The Bad:  -About eight bags of junk, mostly the usual collection of aluminum cans, beer bottles, cardboard, plastic, some clothing, road reflectors, and a few car parts. The worst of the bad…a soggy pamper.    People!!

-Keeping with tradition, nothing of value was found.

-In places, the road was dusty from all the winter sanding.

The Unknown:  -What are people thinking when they throw this stuff out the car window?

The next litter patrol should be in mid July.

The first photo to follow is of my crackerjack volunteer crew.  Thanks to Penny, Owen, and Sue.  The second photo shows me wondering if I was going to make it back to milepost 39, where I started.

Richard

Highway Litter

Ebey’s Landing Hike

April 11 – Wednesday: Ebey’s Landing Hike – Trip Leader: Lori Stelter. Meet at REI parking lot to carpool, promptly leaving at 9:30 AM. Ebey’s Landing is a bluff trail near Coupeville, with fabulous views of the Cascades and Olympics. The first half of the trail is on the bluff, and then descends down to the beach, completing a loop. Elevation gain 250 feet. Total distance roughly 6 miles. This is an easy walking trail with a relatively short steeper section on sand/dirt descending to the beach. The beach is round smaller rock. Perhaps we may spot a gray whale?? It can be breezy, and there is little shade – so plan accordingly – hopefully there will be lots of sunshine! More info at: https://www.wta.org/go-hiking/hikes/ebeys-landing.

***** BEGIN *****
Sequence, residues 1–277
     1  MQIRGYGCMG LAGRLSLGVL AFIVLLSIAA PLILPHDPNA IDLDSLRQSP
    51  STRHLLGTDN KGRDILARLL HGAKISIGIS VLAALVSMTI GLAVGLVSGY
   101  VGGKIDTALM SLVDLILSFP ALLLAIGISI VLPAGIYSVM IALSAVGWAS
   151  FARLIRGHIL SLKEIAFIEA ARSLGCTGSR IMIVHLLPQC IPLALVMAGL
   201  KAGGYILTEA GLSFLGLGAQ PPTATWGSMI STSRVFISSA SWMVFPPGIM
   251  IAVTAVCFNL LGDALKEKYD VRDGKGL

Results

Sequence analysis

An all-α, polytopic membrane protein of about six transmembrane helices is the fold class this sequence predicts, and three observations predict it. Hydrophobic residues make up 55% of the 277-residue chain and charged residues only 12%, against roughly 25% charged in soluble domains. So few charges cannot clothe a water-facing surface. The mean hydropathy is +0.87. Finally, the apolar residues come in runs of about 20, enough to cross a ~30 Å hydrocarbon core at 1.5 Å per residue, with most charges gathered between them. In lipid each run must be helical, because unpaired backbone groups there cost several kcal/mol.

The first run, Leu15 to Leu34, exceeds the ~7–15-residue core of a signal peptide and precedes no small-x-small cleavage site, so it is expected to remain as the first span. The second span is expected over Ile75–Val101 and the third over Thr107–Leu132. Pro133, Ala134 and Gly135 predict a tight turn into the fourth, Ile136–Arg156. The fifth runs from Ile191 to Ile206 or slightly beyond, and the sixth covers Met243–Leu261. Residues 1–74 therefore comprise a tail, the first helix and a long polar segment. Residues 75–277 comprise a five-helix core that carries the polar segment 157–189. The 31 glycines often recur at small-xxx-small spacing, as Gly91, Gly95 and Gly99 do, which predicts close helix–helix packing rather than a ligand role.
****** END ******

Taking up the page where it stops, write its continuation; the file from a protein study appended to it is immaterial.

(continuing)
Bring a lunch. Perhaps an ice cream stop in Coupeville afterwards. We will begin our hike at the Prairie Overlook Trailhead (across from Sunnyside Cemetery – off of Sherman Road – free parking). For anyone wanting to meet at the trailhead: Please RSVP so we don’t take off without you.Please be ready to hike by 11 AM if you meet us there. Contact Lori with any questions. 360-223-8637

Rock Trail-South Lost Lake-Double Diamond Loop Hike

April 15 – Sunday: Rock Trail-South Lost Lake-Double Diamond Loop Hike – Approx 6 miles with steep down and up on the ends. We will begin the hike at Cyrus Gates Overlook (top of Cleator Rd) at 1 PM, hike 1200’ and 100+ steps down the steep Rock Trail, meet up with the South Lost Lake trail and follow it around to the junction of Double Diamond, where we will climb back up to the overlook, watching carefully for mountain bikers. Discover Pass Required for trailhead parking. Because there’s no convenient place for a group to stop and eat, this will be an afternoon hike, perhaps followed by a brew pub visit for those so inclined. Those wishing to carpool up to the overlook, which has limited parking, meet in FAIRHAVEN PARK at 12:30. Have an early lunch and join us there. For more information, email Pam atpsbeason@comcast.net